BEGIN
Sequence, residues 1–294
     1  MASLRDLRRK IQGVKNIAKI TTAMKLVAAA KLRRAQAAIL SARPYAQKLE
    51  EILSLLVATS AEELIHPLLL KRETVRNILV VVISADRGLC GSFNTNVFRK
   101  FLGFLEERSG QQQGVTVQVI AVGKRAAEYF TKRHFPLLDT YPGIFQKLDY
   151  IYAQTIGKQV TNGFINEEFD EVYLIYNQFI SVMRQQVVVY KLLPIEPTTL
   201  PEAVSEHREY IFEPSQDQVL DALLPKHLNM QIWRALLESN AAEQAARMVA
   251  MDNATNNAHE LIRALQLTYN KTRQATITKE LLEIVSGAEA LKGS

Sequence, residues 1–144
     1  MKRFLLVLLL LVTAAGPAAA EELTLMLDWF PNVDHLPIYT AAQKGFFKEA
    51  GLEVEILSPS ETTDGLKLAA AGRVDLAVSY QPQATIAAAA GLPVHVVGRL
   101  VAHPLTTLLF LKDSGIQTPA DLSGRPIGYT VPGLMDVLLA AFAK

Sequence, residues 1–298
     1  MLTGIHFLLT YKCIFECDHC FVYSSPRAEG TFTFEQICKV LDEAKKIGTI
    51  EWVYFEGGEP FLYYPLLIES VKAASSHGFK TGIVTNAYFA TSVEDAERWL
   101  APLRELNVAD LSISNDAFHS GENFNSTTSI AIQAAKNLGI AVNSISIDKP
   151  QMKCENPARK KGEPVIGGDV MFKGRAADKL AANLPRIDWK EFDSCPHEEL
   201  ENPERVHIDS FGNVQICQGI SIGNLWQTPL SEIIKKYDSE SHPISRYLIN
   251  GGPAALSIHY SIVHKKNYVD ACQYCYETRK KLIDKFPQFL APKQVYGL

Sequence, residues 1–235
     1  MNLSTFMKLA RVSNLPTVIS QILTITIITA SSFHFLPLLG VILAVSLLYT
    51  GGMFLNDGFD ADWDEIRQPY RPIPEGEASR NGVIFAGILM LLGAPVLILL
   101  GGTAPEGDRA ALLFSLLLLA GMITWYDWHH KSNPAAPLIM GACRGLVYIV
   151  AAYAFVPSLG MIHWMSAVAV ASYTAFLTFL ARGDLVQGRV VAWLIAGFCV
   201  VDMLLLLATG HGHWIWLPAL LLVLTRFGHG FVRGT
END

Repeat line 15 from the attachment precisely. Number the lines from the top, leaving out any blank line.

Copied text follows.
   101  APLRELNVAD LSISNDAFHS GENFNSTTSI AIQAAKNLGI AVNSISIDKP